Last week’s major market losses continued on Monday with the Dow Jones Industrial Average down 197 points in early trading as investors absorbed the reality that the Federal Reserve’s days of “quantitative easing” and hyper-stimulus may be coming to an end.
Investors also reacted to news that China’s central bank said Chinese banks need to curb credit-driven investment and better manage their cash.
Last week, the Dow plunged 550 points in two days resulting in the loss of $120 billion of investor capital.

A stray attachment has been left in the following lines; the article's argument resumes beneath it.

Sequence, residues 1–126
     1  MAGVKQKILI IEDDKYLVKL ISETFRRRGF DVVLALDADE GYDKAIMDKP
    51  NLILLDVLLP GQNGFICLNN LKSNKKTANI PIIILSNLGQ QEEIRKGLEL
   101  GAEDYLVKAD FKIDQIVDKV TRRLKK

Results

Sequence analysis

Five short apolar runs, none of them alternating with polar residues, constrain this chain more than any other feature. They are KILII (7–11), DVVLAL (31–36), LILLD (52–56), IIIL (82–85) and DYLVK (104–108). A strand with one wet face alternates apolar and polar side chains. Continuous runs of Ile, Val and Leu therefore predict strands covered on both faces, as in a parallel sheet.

Since the Dow’s May all-time high of 15,542, the Dow has dropped 6%; the S&P 500 has nosedived 7% since its all-time high of 1,687 in May.
Global markets also suffered big losses. Shanghai’s stock index took its biggest hit in four years on Monday after China’s decision to cut back on low-lending rates.
“We are starting to see that follow-through in Asia, which is all part of the broader narrative – the focus on a lack of stimulus, a creeping higher in rates and the potential impact for less liquidity globally,” Knight Capital chief market strategist Peter Kenny told Reuters.